THE REAGAN ADMINISTRATION is so anxious to dismantle the Labor Department's job and training system that, even before congressional approval, it has begun phasing out jobs now provided to low-income adults. Plans under consideration also call for eliminating funds for year-round youth job and training programs and consolidating what is left of the Comprehensive Employment and Training (CETA) system into "block grants" to states and localities. This would reduce support to less than half of the $9 billion planned by the Carter administration, making job programs the largest loser in the Reagan budget.
Job and training programs for low-income persons might seem like a curious target for an administration committed to encouraging work effort, improving labor productivity and reducing welfare dependence. A further irony is that, despite their well-documented shortcomings, job programs have, in fact, been shown by careful studies to increase the subsequent earnings of participants, produce numerous useful services to communities and cut welfare and unemployment costs. Recent efforts to move welfare recipients into permanent jobs and to reduce the number of school dropouts have been particularly promising, although these projects are already being terminated.
Each year CETA helps more than three million people get into the job market. This severe retrenchment, hard on the heels of earlier Carter administration cutbacks, will clearly cause a lot of long-term hardship.But the administration's enthusiasm for the "no-strings-attached" block grant approach is worrisome in itself. CETA had its origins in the similar "manpower revenue-sharing" proposals of the early 1970s, and a lot of its continuing problems stem from that very fact.
CETA is not actually a federal program at all -- simply a mechanism for letting grants and contracts to more than 40,000 state and local agencies, non-profit organizations and educational institutions that provide the actual jobs and training. Because it is run primarily by local government officials, it is no better and no worse than local government in general. When CETA programs run well, they are generally referred to by the name of the sponsoring organization -- the Community Uplift Program, the Youth Enterprise Initiative and so on. When something goes wrong with the programs, they are always referred to as "CETA."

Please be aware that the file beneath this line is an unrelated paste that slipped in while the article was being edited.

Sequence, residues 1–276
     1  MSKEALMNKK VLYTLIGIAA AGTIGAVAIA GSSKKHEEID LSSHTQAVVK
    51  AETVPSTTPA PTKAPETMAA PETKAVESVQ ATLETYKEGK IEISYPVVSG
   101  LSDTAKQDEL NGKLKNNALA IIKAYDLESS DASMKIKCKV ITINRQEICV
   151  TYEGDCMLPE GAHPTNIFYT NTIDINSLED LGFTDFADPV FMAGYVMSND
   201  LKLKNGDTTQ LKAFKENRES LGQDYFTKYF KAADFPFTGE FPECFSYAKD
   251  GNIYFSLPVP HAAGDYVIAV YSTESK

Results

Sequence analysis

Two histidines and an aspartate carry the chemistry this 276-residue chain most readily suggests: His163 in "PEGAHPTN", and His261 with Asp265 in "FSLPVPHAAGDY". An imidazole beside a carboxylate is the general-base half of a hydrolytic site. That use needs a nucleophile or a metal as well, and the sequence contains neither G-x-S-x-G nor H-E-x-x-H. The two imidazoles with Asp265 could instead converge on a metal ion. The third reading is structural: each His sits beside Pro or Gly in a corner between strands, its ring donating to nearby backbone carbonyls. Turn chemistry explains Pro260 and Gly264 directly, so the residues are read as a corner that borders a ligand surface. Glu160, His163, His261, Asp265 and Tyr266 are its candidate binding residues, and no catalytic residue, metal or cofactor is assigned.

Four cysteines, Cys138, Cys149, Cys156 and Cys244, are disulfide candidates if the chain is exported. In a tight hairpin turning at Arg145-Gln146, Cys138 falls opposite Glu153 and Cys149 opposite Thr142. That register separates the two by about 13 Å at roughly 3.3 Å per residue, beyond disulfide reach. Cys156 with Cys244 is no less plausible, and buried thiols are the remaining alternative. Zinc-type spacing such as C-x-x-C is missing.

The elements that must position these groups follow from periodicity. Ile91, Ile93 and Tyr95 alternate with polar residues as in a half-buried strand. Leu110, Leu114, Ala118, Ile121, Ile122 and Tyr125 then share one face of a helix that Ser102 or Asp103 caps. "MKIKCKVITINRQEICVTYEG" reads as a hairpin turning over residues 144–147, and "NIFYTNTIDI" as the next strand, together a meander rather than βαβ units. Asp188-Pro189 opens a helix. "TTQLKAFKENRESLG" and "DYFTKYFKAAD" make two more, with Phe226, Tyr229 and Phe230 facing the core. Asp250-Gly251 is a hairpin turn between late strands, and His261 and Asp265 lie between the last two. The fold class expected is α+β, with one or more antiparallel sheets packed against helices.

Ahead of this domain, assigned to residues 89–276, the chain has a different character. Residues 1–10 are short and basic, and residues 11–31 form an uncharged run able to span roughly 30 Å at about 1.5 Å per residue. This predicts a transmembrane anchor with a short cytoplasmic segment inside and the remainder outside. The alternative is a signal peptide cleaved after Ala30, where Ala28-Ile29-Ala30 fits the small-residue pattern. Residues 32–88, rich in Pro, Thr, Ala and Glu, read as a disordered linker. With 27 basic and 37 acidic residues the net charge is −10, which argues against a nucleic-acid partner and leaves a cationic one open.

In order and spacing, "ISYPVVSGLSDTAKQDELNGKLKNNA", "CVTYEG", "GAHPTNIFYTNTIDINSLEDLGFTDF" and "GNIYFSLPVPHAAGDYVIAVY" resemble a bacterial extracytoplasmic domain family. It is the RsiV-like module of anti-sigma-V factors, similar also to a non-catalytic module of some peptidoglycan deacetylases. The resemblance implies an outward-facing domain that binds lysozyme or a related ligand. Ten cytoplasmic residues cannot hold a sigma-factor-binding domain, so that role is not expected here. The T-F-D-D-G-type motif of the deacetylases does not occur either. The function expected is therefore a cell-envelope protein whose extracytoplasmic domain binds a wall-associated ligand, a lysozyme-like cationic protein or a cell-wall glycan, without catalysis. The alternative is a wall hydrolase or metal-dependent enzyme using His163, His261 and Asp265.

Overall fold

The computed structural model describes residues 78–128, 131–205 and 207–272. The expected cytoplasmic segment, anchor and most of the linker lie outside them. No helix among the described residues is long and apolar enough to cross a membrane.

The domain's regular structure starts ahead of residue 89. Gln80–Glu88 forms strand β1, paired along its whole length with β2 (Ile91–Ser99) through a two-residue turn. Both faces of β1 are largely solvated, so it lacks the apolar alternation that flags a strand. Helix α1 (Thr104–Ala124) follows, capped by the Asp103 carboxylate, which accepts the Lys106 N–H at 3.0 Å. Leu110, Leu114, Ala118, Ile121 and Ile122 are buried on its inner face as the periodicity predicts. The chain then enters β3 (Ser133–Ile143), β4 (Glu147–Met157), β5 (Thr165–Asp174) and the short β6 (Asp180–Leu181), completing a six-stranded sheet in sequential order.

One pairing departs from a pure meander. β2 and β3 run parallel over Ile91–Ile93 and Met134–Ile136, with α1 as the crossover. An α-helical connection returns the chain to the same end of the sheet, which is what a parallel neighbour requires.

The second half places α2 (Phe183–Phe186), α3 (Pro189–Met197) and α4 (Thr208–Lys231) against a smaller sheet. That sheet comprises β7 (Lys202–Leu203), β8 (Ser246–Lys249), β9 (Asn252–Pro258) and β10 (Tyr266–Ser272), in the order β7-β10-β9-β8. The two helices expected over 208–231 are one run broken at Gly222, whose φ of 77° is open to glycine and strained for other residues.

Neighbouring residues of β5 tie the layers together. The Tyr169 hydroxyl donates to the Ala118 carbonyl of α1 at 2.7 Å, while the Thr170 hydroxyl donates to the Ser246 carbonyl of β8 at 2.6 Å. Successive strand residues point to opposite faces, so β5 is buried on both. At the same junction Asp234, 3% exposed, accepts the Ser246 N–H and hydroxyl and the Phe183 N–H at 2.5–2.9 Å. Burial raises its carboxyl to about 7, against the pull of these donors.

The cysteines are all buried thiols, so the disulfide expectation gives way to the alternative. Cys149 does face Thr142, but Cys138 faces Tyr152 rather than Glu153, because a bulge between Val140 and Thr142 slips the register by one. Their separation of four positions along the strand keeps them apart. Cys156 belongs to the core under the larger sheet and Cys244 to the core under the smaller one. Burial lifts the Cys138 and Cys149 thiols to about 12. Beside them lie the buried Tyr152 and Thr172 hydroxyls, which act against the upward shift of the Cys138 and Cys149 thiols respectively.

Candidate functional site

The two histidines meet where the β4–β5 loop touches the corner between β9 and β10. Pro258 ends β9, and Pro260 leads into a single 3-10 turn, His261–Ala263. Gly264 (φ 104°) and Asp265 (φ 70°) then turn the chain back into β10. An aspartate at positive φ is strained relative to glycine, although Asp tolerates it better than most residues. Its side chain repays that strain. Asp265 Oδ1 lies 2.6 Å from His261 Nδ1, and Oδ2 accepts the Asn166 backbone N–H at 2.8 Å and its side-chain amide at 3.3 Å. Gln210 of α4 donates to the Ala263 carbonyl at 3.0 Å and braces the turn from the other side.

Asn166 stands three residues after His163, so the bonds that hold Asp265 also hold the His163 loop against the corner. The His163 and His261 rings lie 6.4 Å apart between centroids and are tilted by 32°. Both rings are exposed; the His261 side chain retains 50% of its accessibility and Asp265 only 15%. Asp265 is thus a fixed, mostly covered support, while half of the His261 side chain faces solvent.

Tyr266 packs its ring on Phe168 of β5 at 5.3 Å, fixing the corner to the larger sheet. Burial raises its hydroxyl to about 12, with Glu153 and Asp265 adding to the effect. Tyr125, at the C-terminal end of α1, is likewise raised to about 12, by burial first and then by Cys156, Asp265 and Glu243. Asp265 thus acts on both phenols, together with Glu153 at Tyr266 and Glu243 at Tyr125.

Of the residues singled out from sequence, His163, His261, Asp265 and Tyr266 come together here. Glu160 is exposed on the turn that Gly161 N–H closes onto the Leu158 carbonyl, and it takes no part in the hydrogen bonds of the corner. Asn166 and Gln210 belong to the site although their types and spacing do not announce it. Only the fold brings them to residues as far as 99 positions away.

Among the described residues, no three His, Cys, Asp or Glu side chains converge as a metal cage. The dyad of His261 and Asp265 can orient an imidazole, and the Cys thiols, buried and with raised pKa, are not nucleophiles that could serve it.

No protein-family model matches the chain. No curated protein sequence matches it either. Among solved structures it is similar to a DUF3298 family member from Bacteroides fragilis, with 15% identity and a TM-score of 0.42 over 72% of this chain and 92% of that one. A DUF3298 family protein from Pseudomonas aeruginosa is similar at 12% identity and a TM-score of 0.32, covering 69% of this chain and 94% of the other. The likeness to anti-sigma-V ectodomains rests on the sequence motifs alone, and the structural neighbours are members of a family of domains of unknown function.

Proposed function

Even before CETA's period of rapid expansion in 1977, it was amply clear that more federal control was needed. Left to their own devices, local officials used CETA money to hire and train many people they would have hired anyway to do jobs that were already being done. Since then, major reforms have succeeded in focusing CETA programs on their intended purpose of creating new job and training opportunities for the kind of people whom, as has been amply demonstrated, neither private employers nor the regular school system are willing and able to help. But along with these necessary controls came a lot of unnecessary red tape -- lists of special "target groups," set-asides for pet projects and the like -- added by Congress at the behest of interest groups.
By all means let us get rid of the red tape. But let's not give a free hand to local governments to undo all the careful but unfinished work of making job programs really help their intended clients. More, not less, of this kind of control is needed.
There is nothing sacrosanct about the current size of CETA. But there are much better ways to save money than those the administration is considering. Requiring a state and local contribution to job programs would both reduce rederal costs and give the people who run the programs a clearer stake in their effectiveness. And federal funding formulas should be changed to reduce money spent in many areas that don't really need it.
But if the administration really sees no national interest in improving job skills and opportunities for the needy, it should say so and get out of the business. This would be a sad and shortsighted decision, but it would be better than buying off shrieking states and localities with a still sizable chunk of money that is unlikely to do much for either labor markets or the poor.